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MPhys Physics with Astrophysics / Course details

Year of entry: 2021

Course unit details:
Condensed Matter Physics

Unit code PHYS30051
Credit rating 10
Unit level Level 3
Teaching period(s) Semester 1
Offered by Department of Physics & Astronomy
Available as a free choice unit? No

Overview

Condensed Matter Physics

Pre/co-requisites

Unit title Unit code Requirement type Description
Properties of Matter PHYS10352 Pre-Requisite Compulsory
Fundamentals of Solid State Physics PHYS20252 Pre-Requisite Compulsory

Aims

To introduce important concepts in condensed matter physics, one of the most active areas of research in modern physics that govern the behaviour of materials in the world around us. This includes a detailed description of periodicity in solids and how it governs electronic properties. Use this quantum mechanical description to understand the emergence of magnetic order and magnetic transition in solids. Generalise the concept of ordering and phase transitions to soft matter. To become familiar with the language of condensed matter physics, enabling the understanding of research papers.

Learning outcomes

This course unit detail provides the framework for delivery in 20/21 and may be subject to change due to any additional Covid-19 impact.  Please see Blackboard / course unit related emails for any further updates

On completion successful students will be able to:

1. construct reciprocal lattices of simple crystal structure, and relate them to x-ray diffraction data.

2. calculate band structures for simple 2D and 3D tight-binding models and construct nearly-free electron approximations.

3. use the nearly-free-electron approximation to calculate equilibrium properties.

4. use the semiclassical dynamics of electrons in solids to interpret magneto-conductance data and its relation with the Fermi surface.

5. describe and make use of the relationship between bonding and electronic structure of semiconductors, metals and insulators.

6. apply Landau and mean-field theories to describe phase transitions in condensed matter.

Syllabus

1. Reciprocal space in crystallography (2 lectures)

• Revision of crystal structure. The reciprocal (Fourier) space and its properties. (1 lecture)

• Interpretation of x-ray diffraction data; the structure factor. Brillouin zones. (1 lecture)

2. Probing the electronic structure of solids (10 lectures)

• Bloch theorem and Brillouin zones (2 lectures)

• Detailed description of the nearly-free electron model of electronic structure; modifications to the band structure and Fermi surface near zone boundaries. (1 lecture)

• The Kronig-Penney model and the tight binding method. (2 lectures)

• Graphene. Introduction to heterostructures based on 2D materials. (2 lectures)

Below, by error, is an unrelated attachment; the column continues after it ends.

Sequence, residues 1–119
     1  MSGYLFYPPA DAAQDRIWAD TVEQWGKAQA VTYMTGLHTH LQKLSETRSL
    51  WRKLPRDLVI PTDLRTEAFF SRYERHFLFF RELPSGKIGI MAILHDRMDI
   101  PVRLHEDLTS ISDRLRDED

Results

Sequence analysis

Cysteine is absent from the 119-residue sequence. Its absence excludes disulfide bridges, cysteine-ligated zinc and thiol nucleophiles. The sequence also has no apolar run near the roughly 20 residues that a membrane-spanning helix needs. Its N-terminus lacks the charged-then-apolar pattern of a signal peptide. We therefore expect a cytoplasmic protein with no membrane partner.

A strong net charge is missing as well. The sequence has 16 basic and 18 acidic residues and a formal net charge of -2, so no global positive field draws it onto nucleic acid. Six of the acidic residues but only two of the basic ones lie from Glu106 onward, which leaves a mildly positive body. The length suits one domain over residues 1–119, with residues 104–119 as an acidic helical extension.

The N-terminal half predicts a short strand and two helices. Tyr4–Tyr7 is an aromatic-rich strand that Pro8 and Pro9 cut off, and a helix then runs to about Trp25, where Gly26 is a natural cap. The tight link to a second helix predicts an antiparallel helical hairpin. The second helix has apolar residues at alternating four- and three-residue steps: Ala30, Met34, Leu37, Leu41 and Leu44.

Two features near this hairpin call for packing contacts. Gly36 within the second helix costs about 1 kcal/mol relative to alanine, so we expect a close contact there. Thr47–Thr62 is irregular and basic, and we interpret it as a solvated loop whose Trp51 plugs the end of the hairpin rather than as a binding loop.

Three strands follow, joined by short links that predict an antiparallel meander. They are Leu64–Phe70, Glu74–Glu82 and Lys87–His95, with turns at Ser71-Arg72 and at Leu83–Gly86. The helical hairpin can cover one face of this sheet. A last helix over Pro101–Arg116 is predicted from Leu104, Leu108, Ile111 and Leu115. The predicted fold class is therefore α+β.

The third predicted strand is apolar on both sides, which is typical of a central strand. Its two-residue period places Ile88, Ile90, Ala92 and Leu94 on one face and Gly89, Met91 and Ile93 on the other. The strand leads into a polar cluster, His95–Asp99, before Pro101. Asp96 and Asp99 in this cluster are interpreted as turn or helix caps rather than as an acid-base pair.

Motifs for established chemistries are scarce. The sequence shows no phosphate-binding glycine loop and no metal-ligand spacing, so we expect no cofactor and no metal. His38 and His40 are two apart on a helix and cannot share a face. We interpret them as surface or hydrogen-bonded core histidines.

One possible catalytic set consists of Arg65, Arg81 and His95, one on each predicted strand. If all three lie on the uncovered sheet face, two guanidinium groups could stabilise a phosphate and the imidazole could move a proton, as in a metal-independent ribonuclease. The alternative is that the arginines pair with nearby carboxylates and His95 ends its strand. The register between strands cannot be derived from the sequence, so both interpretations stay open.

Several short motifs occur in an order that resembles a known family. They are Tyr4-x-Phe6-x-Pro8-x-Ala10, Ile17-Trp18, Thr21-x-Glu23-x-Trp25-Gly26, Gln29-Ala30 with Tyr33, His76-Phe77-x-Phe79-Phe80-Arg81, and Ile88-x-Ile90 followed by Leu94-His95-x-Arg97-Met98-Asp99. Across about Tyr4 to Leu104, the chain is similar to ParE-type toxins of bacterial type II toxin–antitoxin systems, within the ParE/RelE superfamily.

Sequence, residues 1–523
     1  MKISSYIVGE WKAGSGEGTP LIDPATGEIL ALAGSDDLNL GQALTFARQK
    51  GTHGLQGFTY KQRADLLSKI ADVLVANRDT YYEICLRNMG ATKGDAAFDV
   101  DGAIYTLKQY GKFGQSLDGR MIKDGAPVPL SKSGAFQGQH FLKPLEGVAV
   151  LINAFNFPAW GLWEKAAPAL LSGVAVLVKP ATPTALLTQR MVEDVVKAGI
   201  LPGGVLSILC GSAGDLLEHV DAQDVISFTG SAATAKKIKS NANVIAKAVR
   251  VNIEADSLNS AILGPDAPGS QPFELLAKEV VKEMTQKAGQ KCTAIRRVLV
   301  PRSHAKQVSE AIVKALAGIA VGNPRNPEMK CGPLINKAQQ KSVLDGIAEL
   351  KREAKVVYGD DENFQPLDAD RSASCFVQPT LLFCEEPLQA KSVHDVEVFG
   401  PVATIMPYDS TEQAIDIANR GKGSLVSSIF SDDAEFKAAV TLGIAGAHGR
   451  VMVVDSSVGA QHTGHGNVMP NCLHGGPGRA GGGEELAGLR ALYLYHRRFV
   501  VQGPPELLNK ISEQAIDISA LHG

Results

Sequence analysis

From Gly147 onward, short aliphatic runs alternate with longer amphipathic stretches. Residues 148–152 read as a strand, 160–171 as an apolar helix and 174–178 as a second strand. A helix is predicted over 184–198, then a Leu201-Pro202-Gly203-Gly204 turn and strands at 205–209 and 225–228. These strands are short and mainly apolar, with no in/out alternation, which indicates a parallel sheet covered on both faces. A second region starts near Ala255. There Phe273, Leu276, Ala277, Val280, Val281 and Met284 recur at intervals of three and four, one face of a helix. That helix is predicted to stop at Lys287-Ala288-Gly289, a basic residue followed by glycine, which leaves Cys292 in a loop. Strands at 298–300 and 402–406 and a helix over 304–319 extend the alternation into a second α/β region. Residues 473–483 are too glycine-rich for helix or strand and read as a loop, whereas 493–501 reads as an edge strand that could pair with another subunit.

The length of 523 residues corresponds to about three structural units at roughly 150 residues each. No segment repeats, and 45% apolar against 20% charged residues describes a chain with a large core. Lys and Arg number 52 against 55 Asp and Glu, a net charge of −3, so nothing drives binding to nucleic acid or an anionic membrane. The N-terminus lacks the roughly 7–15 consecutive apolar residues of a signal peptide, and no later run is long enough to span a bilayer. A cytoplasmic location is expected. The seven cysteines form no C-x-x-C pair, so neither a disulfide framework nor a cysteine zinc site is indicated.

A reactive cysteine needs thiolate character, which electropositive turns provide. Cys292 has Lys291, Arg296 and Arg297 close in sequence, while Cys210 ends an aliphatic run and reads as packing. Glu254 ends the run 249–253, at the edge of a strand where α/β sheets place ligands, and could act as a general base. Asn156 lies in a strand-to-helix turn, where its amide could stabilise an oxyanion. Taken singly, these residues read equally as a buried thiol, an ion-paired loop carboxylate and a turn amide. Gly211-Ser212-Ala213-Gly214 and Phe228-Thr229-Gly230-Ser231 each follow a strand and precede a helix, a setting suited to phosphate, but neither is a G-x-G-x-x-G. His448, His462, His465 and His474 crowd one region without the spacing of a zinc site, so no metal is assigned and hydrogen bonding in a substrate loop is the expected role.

• Semiclassical dynamics of Bloch electrons; magneto-conductance oscillations as a probe of electronic structure. Failure of the semiclassical approximation (2 lecture)

• Pauli paramagnetism and Landau diamagnetism in the free electron model. (1 lecture)

 

3. Phase transitions in condensed matter (9 lectures)

• Introduction to phase transition; concept of order parameter and of phase diagram; order of a phase transition; critical exponents and concept of universality. (2 lectures)

• Introduction to mean-field theory of phase transitions, mean-field solution of the 1D Ising model; comparison with the exact result. (2 lectures)

• Landau theory. Example of a second order transition: magnetism. Ferromagnetic ground-state

(1 lecture)

• Exchange interaction between magnetic moments; Heisenberg model; magnons. (2 lectures)

• Example of a first order transition: van der Waals fluid. Phase diagram. Critical point. (2 lectures)

• Revision, connection with further condensed matter units and research. (1 lecture)

Assessment methods

Method Weight
Written exam 100%

Feedback methods

Feedback will be offered by examples class tutors based on examples sheets, and model answers will be issued.

Recommended reading

Recommended texts

C. Kittel, Introduction to Solid State Physics 8th edition (Wiley)

P. M. Chaikin and T. C. Lubensky, Principles of Condensed Matter Physics (Cambridge)

R. A. L. Jones, Soft Condensed Matter (Oxford)

Useful references

N. W. Ashcroft and N.D. Mermin, Solid State Physics (Thomson Press)

J.R. Hook and H.E. Hall, Solid State Physics, (Wiley)

Study hours

Scheduled activity hours
Assessment written exam 1.5
Lectures 22
Independent study hours
Independent study 76.5

Teaching staff

Staff member Role
Alessandro Principi Unit coordinator

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